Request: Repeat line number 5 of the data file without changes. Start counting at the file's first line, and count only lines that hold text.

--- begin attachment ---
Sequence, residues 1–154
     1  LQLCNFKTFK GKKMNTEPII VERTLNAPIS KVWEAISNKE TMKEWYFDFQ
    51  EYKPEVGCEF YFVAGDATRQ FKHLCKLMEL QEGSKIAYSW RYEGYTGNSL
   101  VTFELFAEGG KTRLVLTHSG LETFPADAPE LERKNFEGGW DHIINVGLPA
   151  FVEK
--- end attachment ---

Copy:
   151  FVEK